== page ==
There’s a line in the rec, “as much as one might like to frame it as fight, sheer intent and might won’t make the thing sing.” And I’ve found, from a professional and creative perspective, what seemed to work for me in New York doesn’t work the same way here. But there are some incredible, and incredibly ambitious and focused musicians here, that’s true of both places. And I’ve been very lucky in both places to have people who are willing and able to play this music. I just put a new band together here that is just totally killing – two drummers (Phill Sudderberg + Ryan Packard) & two bass players (Ayanna Woods + Charlie Kirchen).
College – and the bubble that Oberlin inhabits – was a total ideal, in hindsight. Resources, community, and mentorship all in service of music. My beefs with school are and were about the refusal to be transparent in acknowledging the systems at work, once we took ourselves and our music into the world. As a teacher now, I try to bring those kinds of complications to the surface, which is really hard but worth it.
POPDOSE: What is your role now with Shinkoyo? Would love to get some insight into how those releases are discovered in the first place. Some quirky but engaging stuff.
MATT MEHLAN: Thanks for asking. Shinkoyo is an artist-run thing, collectively putting along, like a baton that’s passed along to the next runner. For a while now I’ve been running with the baton, especially since moving to the magical Midwest where space is plentiful (for shelves of tapes and records) and the Post Office is Heaven on Earth (by comparison to Brooklyn’s Atlantic Ave station that was my previous home base) it’s been something I can manage. I’m interested in helping people release their recordings and being a kind of production and administrative support system for that process. I’m not really interested in participating in the music industry according to music industry needs, and really the music industry that might’ve functioned previously in any sort of traditional & small-scale fashion, is completely gone. The making of records is a process of selective amnesia: it’s that the love of making records, and the symbolic importance of making, outweighs any supply/demand realities – so you just do it anyway. That said, I have quite a bit of experience that is useful to people when they are looking for ways to release their music commercially. So when things come my way I try to make myself available to be helpful. I like to be helpful, and I really like the music my friends make. I think that simple equation what drives a lot of people to run any kind of label or self-publishing entity.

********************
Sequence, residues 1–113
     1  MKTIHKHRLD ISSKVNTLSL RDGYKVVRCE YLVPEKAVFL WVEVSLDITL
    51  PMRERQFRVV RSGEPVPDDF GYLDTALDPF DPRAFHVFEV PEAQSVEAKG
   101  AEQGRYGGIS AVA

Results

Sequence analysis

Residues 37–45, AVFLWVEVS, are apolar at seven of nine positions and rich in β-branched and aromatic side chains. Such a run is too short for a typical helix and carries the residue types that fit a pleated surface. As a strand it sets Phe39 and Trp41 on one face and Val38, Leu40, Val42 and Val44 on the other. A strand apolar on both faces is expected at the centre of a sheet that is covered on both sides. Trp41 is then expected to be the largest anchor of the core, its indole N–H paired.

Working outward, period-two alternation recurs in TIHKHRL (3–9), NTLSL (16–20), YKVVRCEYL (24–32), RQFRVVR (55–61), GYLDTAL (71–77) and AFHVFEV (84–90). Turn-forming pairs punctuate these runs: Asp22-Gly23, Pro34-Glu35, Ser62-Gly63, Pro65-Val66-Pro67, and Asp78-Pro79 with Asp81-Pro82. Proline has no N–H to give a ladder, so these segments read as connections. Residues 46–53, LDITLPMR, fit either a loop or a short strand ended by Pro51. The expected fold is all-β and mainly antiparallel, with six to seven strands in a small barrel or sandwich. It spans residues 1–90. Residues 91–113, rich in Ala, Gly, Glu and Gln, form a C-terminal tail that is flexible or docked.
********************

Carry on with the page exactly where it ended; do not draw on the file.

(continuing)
POPDOSE: If you had to write a review of The Mehlans versus, say Money or People, on what would you focus? Bonus points if you mention your offspring or your rakish good looks!
MATT MEHLAN: I had a friend relay some advice he got as a new parent and artist, which was “Don’t make art about your kids, no one cares.” I don’t know how I feel about that. I kind of already operate from the premise that no one cares, about any of it. I’m just someone flailing around and then trying to share it with people. My work, or my struggle with the work, has been to figure out the way I feel most comfortable sharing it, or selling it, or marketing it. As Robert Ashley says in Perfect Lives, “…things that are not a part of industry / Are not possible to like.” Which I think is very true, especially in the US of A. The making, for me, of the music and the songs is already happening, it’s going to happen. If I’m working to censor certain parts of myself in the making, assertively, that seems a bit wrong. I do tend to like artists and records that don’t have that filter, that just go for what they see as important right in front of them, including family life and other things that are not particularly salacious or exciting. So I just keep trying to do me, better, even though it seems a bit precious and self-absorbed to make self-reflective art in 2017.
POPDOSE: And, finally, time for shutouts. What are you listening to, watching and reading these days? Plug away!
MATT MEHLAN: Twin Peaks. New Shinkoyo releases: Nestle, New Pope, Dave Scanlon. Frank Ocean. Kalbells. Bill Withers. V by Thomas Pynchon. Dividuum by Gerald Raunig. Mas Ysa. Shabazz Palaces. Pierre Kwenders. The Undercommons by Fred Moten & Stefano Harney. Drake. Sam Amidon. Beyonce. Greg Fox. Prefab Sprout. Laurel Halo. David Behrman. Mario Diaz De Leon. Doron Sadja. Vice Principals. Fragments of an Anarchist Anthropology by David Graeber. Peter Blasser’s Synthmall.com.